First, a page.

Conservation groups are challenging the U.S. Army Corps of Engineers’ approval of a permit authorizing coal mining material to be dumped into streams that feed into the Locust Fork of the Black Warrior River. The groups charge that the agency failed to account for the permit’s adverse effects on a watershed that has been continuously degraded by previous and current mining activities for more than a century.
The Southern Environmental Law Center filed the challenge on behalf of Black Warrior Riverkeeper and Defenders of Wildlife, arguing that allowing stream filling at the Black Creek Mine site is yet another case where the agency has rubberstamped approvals without properly analyzing the site-specific and broader impacts of the permit, including compromised water quality and threats to aquatic wildlife.
“The Corps’ lax approach toward issuing these permits has resulted in many miles of important streams and acres of wetlands being filled with soil, rock and pollutants,” said Nelson Brooke from Black Warrior Riverkeeper. “This permitting system is the wrong path for Alabama’s water resources, which deserve lasting protection from such activities.”
With over 100 permitted coal mines in the Black Warrior River watershed, impacts from coal mining are some of the biggest threats to water quality in the region. The Black Creek Mine would be a new 287-acre surface coal mine operated by Canadian company Global Met Coal Corporation.
Polluted water discharged from this mine will go directly into waters that are already listed as impaired by the Alabama Department of Environmental Management, and which are federally-protected habitat for many of Alabama’s rarest species. The Locust Fork is a popular destination for fishing and other forms of outdoor recreation, a multi-billion dollar industry for Alabama.
“Issuing an individual permit requires the Corps to look closely at the direct and indirect impacts of stream filling, and the harmful effects on water quality can go well beyond the footprint of the fill,” said Catherine Wannamaker from the Southern Environmental Law Center. “Neglecting to take appropriate action to mitigate for these impacts—especially from a large site like the Black Creek Mine—is irresponsible and sets a terrible precedent at the expense of Alabama’s waters.”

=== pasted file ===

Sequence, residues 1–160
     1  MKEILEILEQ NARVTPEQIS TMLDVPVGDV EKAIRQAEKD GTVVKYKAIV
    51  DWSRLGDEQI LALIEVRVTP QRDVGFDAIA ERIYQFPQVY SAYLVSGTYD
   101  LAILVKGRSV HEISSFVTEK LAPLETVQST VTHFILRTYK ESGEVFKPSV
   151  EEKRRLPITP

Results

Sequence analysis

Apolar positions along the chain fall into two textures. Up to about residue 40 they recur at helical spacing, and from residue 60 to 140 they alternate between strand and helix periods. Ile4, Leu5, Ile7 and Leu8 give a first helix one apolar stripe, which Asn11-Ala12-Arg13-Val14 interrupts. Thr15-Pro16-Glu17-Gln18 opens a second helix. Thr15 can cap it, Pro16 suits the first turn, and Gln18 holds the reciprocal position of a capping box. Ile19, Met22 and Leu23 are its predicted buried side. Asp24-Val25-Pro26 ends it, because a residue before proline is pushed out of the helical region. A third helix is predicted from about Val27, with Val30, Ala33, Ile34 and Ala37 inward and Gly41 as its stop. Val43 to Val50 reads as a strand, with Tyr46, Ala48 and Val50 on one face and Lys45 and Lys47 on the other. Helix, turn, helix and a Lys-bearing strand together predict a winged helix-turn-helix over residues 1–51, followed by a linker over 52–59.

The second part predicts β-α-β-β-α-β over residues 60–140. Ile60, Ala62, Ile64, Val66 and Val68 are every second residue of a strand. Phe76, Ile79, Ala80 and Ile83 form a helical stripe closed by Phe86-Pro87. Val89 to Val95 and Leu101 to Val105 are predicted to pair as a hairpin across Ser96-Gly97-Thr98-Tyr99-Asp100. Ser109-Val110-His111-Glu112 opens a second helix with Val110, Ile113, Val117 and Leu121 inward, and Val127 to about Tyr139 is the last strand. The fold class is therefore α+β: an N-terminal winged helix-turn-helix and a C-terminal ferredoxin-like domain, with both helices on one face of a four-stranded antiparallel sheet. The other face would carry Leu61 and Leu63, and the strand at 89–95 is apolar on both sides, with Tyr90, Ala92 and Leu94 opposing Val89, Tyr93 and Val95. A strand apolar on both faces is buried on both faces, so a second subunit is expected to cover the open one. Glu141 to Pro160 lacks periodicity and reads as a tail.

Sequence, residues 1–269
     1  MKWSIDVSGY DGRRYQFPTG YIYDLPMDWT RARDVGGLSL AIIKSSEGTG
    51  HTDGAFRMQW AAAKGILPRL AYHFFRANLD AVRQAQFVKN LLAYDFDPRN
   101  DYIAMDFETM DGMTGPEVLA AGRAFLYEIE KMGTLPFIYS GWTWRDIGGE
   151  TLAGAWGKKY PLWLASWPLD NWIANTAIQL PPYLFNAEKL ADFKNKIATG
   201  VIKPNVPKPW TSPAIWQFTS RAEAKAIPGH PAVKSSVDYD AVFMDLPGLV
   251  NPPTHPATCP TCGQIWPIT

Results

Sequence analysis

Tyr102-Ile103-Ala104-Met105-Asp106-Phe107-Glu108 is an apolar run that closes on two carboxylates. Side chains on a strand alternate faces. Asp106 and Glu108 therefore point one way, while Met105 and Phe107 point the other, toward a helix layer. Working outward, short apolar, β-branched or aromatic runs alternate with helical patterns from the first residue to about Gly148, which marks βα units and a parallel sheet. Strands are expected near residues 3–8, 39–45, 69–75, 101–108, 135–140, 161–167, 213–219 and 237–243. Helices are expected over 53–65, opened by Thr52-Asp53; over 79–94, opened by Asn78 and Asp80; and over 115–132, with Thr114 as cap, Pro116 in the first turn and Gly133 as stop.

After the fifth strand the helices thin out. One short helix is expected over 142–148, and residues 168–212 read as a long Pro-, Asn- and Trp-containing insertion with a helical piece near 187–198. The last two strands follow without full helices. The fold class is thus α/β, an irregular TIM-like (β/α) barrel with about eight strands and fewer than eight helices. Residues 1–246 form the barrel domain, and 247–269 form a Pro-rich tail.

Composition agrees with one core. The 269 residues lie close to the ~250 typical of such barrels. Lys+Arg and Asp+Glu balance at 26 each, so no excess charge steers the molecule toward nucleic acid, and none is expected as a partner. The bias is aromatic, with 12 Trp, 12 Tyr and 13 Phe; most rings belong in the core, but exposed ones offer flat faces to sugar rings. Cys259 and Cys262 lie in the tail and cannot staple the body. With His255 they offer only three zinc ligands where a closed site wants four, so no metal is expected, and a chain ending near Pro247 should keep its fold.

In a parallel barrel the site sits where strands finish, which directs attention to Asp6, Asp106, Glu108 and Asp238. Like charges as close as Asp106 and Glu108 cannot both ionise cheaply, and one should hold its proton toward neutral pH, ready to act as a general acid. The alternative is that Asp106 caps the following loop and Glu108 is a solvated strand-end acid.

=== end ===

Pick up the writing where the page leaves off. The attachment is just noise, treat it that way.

EPA has commented that the discharge limitations and best management practices typically required at coal mining sites on the Locust Fork are ineffective in maintaining water quality and are allowing the continued degradation of the river. Yet, the Corps continues to issue these permits with inadequate protections and mitigation measures.
“This permitting process not only fails to comply with federal laws, it wreaks havoc on Alabama’s beautiful waterways, the quality of our drinking water, and the fish and wildlife that depend on these resources,” said Ben Prater from Defenders of Wildlife. “When entire segments of streams and wetlands are permanently filled in, they can no longer function to filter out pollution such as sediment and heavy metals.”

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